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Tomatoes

High in an antioxidant phytochemical called lycopene, tomatoes support your skin, eyes, and cardiovascular system and have ­anticancer properties. They’re also a bountiful source of the immune-system-supporting nutrients quercetin, lutein, and vitamins A, C, and E.

Optimize: The seeds and skins provide about 50 percent of tomatoes’ vitamin C and lycopene. Unless you’re dealing with specific autoimmune challenges, you can enjoy tomatoes fresh. Long-simmering tomato sauce can triple tomatoes’ lycopene content, making this one food that’s even more nutritious when cooked.

Mitigate: To reduce alkaloids that may irritate a sensitive immune system, remove the seeds and skin, and pressure-cook tomatoes. (Or simply cook them down.) Many people with autoimmunity find they can tolerate tomatoes this way.

Swap: If you’re avoiding tomatoes, try using a different acidic fruit in salads, such as grapefruit. For something sweet and colorful in salsas and sauces, consider beets. You can always add a little lemon or vinegar to provide acid where needed.

Peppers

Sweet bell peppers, as well as spicy cayenne peppers and other chili peppers, belong to the nightshade family. (The black-pepper plant is not a nightshade.) Some of the most nutrient-dense foods available, bell peppers deliver vitamins C, K, and B6, as well as folic acid and a host of phytochemicals. Capsaicin, the same compound in chili peppers that brings the heat, is an effective pain reliever and offers cardiovascular benefits.

Optimize: Enjoy peppers raw, roasted, or sautéed. Eating bell peppers raw preserves their vitamin C, but some research suggests that cooking may increase their antioxidant benefits.

Mitigate: To reduce alkaloid content, remove the seeds. Conventionally grown bell and hot peppers may contain concerning levels of organophosphate insecticides, according to the Environmental Working Group, so buy organic when you can.

Swap: Try carrots, cucumbers, and celery for other colorful, crunchy snacks. It’s hard to replicate the heat of spicy peppers, but you can swap in other bold ingredients, such as olives, vinegar, and citrus zest.

Potatoes

French fries aside, potatoes have a lot to offer in terms of nutrition. Note that sweet potatoes and yams are not nightshades. (For more, see “The Health Benefits of Eating Potatoes“.)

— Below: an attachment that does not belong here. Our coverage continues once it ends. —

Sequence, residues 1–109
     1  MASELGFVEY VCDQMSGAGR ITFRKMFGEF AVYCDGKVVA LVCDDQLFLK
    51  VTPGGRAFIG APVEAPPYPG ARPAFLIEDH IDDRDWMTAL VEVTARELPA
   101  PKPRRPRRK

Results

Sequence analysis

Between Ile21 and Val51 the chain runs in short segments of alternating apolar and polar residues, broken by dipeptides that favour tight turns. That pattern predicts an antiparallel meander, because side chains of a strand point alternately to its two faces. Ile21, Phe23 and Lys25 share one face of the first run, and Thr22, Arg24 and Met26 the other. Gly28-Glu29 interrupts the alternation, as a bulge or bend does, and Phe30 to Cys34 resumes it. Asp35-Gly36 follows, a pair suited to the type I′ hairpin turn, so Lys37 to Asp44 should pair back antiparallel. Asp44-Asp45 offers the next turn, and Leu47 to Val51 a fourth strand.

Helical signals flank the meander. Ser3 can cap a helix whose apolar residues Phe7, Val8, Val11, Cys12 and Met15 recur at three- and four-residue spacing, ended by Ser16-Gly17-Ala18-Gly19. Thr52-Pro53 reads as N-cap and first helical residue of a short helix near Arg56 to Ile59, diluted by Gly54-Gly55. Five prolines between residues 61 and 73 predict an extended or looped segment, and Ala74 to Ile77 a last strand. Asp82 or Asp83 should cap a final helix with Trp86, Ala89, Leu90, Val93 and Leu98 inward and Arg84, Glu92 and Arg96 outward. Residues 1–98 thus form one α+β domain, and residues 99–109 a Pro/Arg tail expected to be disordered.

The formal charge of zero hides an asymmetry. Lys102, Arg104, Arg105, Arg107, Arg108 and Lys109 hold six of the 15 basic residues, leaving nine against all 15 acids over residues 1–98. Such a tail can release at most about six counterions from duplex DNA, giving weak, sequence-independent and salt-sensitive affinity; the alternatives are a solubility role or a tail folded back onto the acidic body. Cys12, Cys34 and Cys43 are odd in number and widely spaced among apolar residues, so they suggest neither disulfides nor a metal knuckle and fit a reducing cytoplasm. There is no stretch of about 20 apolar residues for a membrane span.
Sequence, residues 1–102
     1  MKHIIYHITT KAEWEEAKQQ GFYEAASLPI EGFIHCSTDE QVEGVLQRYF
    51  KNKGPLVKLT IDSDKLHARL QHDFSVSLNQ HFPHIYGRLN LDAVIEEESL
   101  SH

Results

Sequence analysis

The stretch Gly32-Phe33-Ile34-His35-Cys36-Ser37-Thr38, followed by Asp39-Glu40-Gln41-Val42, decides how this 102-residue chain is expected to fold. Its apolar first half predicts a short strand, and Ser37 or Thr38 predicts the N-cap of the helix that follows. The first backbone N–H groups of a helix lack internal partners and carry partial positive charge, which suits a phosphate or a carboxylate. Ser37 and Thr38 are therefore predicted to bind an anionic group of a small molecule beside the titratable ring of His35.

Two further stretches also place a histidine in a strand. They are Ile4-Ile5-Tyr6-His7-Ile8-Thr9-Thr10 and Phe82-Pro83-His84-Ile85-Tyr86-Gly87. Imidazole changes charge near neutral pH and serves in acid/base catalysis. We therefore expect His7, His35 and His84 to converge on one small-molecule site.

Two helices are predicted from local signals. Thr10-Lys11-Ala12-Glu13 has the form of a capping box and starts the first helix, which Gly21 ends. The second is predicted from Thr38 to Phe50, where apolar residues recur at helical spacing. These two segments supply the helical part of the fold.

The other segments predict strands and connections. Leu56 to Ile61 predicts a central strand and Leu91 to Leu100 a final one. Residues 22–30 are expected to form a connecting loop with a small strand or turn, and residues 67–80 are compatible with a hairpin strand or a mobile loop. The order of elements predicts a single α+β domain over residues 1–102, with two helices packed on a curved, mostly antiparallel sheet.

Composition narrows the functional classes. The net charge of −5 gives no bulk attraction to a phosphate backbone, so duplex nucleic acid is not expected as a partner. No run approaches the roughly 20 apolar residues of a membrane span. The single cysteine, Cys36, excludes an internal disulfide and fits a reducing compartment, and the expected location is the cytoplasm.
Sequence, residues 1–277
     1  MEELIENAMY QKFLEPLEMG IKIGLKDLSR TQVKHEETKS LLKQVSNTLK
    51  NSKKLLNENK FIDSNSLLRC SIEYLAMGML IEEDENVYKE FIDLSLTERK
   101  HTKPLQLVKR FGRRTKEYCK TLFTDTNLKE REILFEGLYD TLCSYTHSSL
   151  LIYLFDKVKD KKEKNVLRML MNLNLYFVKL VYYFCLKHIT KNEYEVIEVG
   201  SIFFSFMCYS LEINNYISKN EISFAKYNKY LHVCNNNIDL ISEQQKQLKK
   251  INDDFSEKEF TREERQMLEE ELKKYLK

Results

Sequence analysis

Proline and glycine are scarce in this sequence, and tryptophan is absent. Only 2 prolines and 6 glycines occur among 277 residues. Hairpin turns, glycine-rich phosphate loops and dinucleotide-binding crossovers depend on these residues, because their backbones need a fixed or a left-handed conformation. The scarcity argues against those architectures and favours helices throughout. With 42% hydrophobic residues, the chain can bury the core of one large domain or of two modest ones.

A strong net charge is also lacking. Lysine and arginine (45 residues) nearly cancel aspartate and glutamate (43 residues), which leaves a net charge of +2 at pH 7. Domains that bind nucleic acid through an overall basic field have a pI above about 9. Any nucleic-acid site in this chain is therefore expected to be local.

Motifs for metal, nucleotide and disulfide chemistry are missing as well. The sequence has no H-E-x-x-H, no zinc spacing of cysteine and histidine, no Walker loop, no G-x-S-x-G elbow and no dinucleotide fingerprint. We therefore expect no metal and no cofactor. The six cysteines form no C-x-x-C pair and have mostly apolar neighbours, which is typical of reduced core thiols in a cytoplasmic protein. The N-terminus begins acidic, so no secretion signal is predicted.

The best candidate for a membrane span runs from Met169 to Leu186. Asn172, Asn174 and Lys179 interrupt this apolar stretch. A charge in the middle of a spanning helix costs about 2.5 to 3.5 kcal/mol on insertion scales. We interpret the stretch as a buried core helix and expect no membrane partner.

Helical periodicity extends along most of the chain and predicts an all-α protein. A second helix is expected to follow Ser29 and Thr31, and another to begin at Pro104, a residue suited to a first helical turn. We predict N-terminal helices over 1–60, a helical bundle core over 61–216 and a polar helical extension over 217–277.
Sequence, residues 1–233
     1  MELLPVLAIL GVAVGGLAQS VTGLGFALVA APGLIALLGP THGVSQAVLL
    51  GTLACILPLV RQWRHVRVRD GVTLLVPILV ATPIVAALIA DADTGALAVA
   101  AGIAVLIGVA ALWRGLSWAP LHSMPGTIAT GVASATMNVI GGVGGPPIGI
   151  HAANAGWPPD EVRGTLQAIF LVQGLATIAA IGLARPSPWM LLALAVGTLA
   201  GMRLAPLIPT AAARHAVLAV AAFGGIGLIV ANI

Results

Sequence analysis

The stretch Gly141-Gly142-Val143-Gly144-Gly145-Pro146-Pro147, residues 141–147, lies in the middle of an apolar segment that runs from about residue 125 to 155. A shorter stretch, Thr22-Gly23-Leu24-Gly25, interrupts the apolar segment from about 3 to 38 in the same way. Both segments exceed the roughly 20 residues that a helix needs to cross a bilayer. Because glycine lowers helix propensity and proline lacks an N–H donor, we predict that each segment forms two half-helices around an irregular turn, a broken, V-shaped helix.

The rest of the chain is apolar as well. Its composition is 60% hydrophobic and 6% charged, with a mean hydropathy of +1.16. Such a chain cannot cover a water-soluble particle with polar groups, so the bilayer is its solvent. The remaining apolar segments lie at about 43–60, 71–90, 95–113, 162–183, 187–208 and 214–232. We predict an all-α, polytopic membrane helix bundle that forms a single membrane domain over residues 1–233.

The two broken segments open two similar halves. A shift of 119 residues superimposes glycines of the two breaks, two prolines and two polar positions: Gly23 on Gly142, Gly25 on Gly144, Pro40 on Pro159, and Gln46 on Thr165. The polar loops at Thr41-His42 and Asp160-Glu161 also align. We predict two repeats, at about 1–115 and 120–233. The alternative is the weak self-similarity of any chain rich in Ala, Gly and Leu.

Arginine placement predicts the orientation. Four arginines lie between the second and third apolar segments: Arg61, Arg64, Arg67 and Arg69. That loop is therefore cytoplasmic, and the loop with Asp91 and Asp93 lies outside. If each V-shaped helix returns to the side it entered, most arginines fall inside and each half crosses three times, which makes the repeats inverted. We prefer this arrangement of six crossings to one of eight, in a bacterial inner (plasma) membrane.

Optimize: When potatoes are cooked and allowed to cool, their starch transforms into resistant starch, a form of carbohydrate that nourishes the beneficial bacteria in your gut.

Mitigate: Buy organic whenever you can. Conventionally grown potatoes are sprayed with fungicides and pesticides and treated with sprout inhibitors during storage. You can eliminate up to 70 percent of toxic residue, and substantially reduce alkaloid content, by peeling them. (The alkaloids are concentrated in the skin.)

On that note, avoid eating potatoes that have started to turn green; that color is caused by increasing alkaloids in the skin, which increases their bitterness and can cause stomach upset.

Swap: It’s surprisingly easy to swap in other root veggies, such as sweet potatoes, turnips, parsnips, and celeriac, as well as cauliflower, in recipes and as sides.

Eggplants

Underappreciated in the United States, various eggplant varieties are staples in Asian and Mediterranean cuisines. They’re a great source of fiber, and the glossy purple skin contains cancer-fighting antioxidants called anthocyanins.

Optimize: Because the deeply hued skin of purple eggplant is such a rich source of nutrients, look for varieties with thin and tender skin; some varieties have unappetizing tougher skins.

Mitigate: Alkaloids in eggplants are what cause the bitter flavor; look for sweeter varieties such as Chinese, Japanese, or Thai.

Fresher eggplants are often less bitter as well. Salting, while masking the bitterness of eggplants, does not remove the alkaloids. Cooking may diminish solanine’s toxicity.

Swap: For a silken texture that resembles that of eggplant, try portobello mushrooms or thick-sliced zucchini or other summer squash.

Depending on the recipe, root vegetables, such as rutabagas, turnips, and celeriac can also make good substitutes for eggplant. (Still skeptical? Try this recipe for Baba Ghanoush where you roast the eggplant which gives it a nutty flavor.)

This was excerpted from “How to Navigate Nightshade Foods” which was published in the July/August 2022 issue of Experience Life.

Jill
Jill Patton, FMCHC

Jill Patton, FMCHC, is a Minneapolis-based health writer and functional-medicine certified health coach.

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This Post Has One Comment

  1. I have severe arthritis and psoriasis. I have found nightshades are not good for me — although I love them. The section in this article on how to mitigate the effect of nightshades is so helpful!

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